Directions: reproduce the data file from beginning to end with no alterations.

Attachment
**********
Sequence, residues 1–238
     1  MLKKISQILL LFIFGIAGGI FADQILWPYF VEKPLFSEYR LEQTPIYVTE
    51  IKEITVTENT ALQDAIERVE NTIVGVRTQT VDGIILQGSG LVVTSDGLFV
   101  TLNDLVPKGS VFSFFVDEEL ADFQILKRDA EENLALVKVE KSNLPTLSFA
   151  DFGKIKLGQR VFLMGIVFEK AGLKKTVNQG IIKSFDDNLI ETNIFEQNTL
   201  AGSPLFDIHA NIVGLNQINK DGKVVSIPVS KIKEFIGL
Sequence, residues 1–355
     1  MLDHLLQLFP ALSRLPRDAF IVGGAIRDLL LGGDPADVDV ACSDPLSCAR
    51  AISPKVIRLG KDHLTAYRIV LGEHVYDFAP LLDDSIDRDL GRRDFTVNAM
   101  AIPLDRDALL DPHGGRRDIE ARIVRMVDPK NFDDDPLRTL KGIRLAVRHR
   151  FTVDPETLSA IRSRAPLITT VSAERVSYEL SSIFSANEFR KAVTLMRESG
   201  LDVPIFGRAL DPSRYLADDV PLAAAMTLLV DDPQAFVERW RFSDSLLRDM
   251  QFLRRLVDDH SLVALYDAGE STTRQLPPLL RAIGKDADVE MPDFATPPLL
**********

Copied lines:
Sequence, residues 1–238
     1  MLKKISQILL LFIFGIAGGI FADQILWPYF VEKPLFSEYR LEQTPIYVTE
    51  IKEITVTENT ALQDAIERVE NTIVGVRTQT VDGIILQGSG LVVTSDGLFV
   101  TLNDLVPKGS VFSFFVDEEL ADFQILKRDA EENLALVKVE KSNLPTLSFA
   151  DFGKIKLGQR VFLMGIVFEK AGLKKTVNQG IIKSFDDNLI ETNIFEQNTL
   201  AGSPLFDIHA NIVGLNQINK DGKVVSIPVS KIKEFIGL
Sequence, residues 1–355
     1  MLDHLLQLFP ALSRLPRDAF IVGGAIRDLL LGGDPADVDV ACSDPLSCAR
    51  AISPKVIRLG KDHLTAYRIV LGEHVYDFAP LLDDSIDRDL GRRDFTVNAM
   101  AIPLDRDALL DPHGGRRDIE ARIVRMVDPK NFDDDPLRTL KGIRLAVRHR
   151  FTVDPETLSA IRSRAPLITT VSAERVSYEL SSIFSANEFR KAVTLMRESG
   201  LDVPIFGRAL DPSRYLADDV PLAAAMTLLV DDPQAFVERW RFSDSLLRDM
   251  QFLRRLVDDH SLVALYDAGE STTRQLPPLL RAIGKDADVE MPDFATPPLL